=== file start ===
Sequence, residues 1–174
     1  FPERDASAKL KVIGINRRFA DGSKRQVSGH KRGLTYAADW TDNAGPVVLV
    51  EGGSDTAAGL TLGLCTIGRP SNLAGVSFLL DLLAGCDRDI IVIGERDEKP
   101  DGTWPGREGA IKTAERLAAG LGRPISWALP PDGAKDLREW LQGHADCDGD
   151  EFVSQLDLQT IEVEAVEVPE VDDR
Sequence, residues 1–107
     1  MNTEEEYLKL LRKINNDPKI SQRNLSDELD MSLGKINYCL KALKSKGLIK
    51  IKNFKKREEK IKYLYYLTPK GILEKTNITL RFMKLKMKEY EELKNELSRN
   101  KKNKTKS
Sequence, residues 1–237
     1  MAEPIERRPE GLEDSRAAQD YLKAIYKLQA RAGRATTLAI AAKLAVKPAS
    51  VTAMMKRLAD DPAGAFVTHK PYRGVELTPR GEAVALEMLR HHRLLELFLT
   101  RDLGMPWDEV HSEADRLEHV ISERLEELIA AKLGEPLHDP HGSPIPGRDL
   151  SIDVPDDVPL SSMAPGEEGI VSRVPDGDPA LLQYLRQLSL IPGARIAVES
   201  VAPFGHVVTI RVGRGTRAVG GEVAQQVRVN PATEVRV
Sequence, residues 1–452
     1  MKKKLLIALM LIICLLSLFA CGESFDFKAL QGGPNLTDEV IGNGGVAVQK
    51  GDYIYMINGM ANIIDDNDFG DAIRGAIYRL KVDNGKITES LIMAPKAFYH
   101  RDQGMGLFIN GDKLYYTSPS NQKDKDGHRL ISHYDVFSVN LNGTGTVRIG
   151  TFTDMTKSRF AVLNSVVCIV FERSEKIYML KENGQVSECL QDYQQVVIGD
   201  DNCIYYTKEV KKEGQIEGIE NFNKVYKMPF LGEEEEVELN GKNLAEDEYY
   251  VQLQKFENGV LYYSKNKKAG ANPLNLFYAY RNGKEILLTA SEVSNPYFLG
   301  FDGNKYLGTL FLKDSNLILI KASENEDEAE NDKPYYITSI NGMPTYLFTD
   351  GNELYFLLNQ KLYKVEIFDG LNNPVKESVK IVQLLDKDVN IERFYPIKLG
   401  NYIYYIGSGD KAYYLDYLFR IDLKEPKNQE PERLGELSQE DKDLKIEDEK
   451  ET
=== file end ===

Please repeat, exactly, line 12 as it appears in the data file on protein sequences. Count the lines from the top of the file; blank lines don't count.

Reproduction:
    51  VTAMMKRLAD DPAGAFVTHK PYRGVELTPR GEAVALEMLR HHRLLELFLT